Extended Responsibility For Sustainable Waste Management

Welcome to our guide on Extended Producer Responsibility (EPR). In an era where environmental sustainability is paramount, EPR has emerged as a crucial concept, reshaping the way we perceive and manage waste. This page is designed to provide you with an understanding of EPR, its significance, and how it plays a pivotal role in creating a more sustainable future.

Explore our resources on Extended Producer Responsibility (EPR) schemes – a pivotal leap towards a circular economy.

Key Components:

#1 Product Design: Considerations for recyclability and environmental impact in the design phase.

#2 Collection and Recycling: Establishing systems for the collection and recycling of end-of-life products.

#3 Financial Responsibility: Manufacturers bear the financial burden of managing the product’s waste.

What is Extended Producer Responsibility and how does it work?

Extended Producer Responsibility is a policy approach where the manufacturer or producer of a product assumes a significant degree of responsibility for the environmental impact of the product throughout its lifecycle, including its disposal. It is a worldwide approach that ensures responsible handling of waste, particularly from products and packaging. The idea is straightforward – those who create, import, or sell items are accountable for managing them properly after we’re done using them, rather than leaving it to the government or others.


    Extended Producer Responsibility (EPR) has been introduced in many jurisdictions around the world to ensure that effective processes and infrastructure are in place for collecting, sorting, and recycling product and packaging material waste. In Montenegro, the new Law on Waste Management mandates that a company that places on the Montenegrin market electrical and electronic equipment, vehicles, batteries and accumulators, tires, packaging, single-use plastic products and fishing gear containing plastic, has obligations under extended producer responsibility.

    Waste collection

    EPR is shaping up differently in developed and developing markets. Developed markets, with existing recycling infrastructure, aim to design 75% of plastic packaging for recycling by 2030. Here, the focus is on high-quality systems that promote circularity. In developing markets like Montenegro, where infrastructure is lacking, a target of 50% of plastic packaging designed for recycling by 2030 is discussed. The emphasis here is on building widespread, basic collection, and recycling infrastructure as a first step to meet EPR laws.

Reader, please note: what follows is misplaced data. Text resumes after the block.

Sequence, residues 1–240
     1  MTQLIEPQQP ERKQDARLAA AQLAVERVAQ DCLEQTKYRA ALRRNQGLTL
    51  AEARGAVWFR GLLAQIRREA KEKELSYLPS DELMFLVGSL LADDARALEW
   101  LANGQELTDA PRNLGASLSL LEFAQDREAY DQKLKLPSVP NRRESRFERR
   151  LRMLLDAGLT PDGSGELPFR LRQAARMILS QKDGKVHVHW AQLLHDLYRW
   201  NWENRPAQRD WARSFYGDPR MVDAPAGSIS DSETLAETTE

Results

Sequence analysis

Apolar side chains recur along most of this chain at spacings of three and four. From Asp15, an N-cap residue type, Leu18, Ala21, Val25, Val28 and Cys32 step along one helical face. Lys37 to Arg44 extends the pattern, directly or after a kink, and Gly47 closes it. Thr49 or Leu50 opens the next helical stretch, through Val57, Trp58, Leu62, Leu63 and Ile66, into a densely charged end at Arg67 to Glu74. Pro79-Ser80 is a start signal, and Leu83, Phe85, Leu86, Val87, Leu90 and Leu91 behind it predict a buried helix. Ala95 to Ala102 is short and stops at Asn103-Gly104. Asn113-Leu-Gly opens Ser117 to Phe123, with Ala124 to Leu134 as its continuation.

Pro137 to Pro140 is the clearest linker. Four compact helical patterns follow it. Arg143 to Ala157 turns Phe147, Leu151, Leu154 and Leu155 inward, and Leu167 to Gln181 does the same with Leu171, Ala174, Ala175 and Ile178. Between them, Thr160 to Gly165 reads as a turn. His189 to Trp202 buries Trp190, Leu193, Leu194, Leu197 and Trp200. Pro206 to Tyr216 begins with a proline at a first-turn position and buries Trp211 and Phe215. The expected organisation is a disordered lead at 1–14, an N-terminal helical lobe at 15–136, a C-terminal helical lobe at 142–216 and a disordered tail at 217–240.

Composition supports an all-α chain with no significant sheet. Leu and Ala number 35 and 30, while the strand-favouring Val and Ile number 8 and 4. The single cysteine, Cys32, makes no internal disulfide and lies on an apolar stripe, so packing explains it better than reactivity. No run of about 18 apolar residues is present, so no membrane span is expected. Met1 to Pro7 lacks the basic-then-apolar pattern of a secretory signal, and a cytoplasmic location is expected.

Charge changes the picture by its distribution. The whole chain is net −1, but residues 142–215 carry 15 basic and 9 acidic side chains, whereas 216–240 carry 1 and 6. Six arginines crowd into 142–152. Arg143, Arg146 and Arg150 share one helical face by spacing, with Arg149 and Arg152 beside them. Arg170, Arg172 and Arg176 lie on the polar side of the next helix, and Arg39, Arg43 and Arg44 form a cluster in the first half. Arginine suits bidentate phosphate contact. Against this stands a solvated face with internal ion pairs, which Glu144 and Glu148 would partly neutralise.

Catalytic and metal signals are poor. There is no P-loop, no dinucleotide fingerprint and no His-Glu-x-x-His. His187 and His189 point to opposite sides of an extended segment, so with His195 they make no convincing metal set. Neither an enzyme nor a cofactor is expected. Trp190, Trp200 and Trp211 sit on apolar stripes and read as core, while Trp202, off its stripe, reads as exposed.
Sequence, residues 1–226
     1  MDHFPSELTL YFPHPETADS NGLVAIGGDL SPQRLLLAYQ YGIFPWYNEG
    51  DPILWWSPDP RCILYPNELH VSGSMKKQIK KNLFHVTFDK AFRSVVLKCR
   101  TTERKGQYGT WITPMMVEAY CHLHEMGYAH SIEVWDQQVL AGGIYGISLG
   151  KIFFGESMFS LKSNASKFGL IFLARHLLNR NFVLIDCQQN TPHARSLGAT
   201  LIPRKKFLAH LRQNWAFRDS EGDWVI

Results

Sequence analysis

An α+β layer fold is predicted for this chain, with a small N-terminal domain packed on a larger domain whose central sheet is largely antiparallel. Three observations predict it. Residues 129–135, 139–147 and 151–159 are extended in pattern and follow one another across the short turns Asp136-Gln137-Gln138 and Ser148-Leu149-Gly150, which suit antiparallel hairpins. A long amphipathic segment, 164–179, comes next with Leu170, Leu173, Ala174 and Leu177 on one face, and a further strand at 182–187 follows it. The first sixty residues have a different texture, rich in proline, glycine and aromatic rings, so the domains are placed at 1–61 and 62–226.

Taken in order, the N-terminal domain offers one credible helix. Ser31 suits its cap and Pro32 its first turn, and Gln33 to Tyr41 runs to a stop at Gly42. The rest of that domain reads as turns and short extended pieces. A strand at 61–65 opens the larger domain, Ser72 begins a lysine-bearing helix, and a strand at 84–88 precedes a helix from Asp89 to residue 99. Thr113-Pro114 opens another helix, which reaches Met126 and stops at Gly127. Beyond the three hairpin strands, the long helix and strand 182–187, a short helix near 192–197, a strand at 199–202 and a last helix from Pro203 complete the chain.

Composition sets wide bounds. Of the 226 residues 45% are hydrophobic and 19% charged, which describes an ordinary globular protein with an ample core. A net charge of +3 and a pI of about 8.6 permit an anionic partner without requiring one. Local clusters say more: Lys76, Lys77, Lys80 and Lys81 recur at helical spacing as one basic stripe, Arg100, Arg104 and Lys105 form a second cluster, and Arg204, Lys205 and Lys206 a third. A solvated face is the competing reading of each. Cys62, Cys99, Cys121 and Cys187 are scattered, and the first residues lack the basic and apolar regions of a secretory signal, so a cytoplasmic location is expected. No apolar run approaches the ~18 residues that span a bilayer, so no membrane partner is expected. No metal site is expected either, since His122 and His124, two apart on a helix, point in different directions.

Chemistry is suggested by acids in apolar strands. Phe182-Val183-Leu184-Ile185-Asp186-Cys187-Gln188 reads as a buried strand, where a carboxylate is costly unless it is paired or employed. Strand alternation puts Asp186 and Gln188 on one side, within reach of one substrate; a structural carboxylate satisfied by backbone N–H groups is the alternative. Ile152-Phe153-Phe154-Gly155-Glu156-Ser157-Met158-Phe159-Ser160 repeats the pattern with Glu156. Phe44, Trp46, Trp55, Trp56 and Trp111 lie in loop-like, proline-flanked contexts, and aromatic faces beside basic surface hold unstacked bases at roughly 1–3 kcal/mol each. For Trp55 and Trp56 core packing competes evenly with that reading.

EPR Challenges and Benefits

    This industry-funded approach encourages producers to prioritize packaging design and management in ways that benefit the environment. It promotes reuse, repair, and recycling over disposal, helping keep our oceans and environment free from waste.

    One of the primary hurdles in the successful implementation of Extended Producer Responsibility (EPR) is the resistance from industries. Some businesses may be reluctant to embrace EPR due to concerns about additional financial burdens and changes in established practices. To overcome this challenge, fostering a collaborative dialogue between industry stakeholders and policymakers is essential. Clearly outlining the long-term benefits, such as enhanced brand reputation and potential cost savings, can encourage industries to see EPR as an opportunity rather than a burden.


    • Brand Image: Companies adopting EPR practices enhance their brand image by showcasing a commitment to environmental responsibility.
    • Cost Savings: Efficient waste management often leads to cost savings through reduced disposal fees and the potential for recovering valuable materials.

    Brochures on Roles and Resposibilities in the Extended Producer Responsibility System (in Montenegrin only)

    This page was created within the project “Extended responsibility for sustainable waste management” financed by the Ministry of Tourism, Ecology, Sustainable Development and Development of the North of Montenegro and implemented by the NGO Zero Waste Montenegro. This information is purely educational in nature and provides general information about the concept of Extended Producer Responsibility (EPR). All opinions, views and recommendations expressed in this video are solely the author’s and do not necessarily represent the views of the sponsors.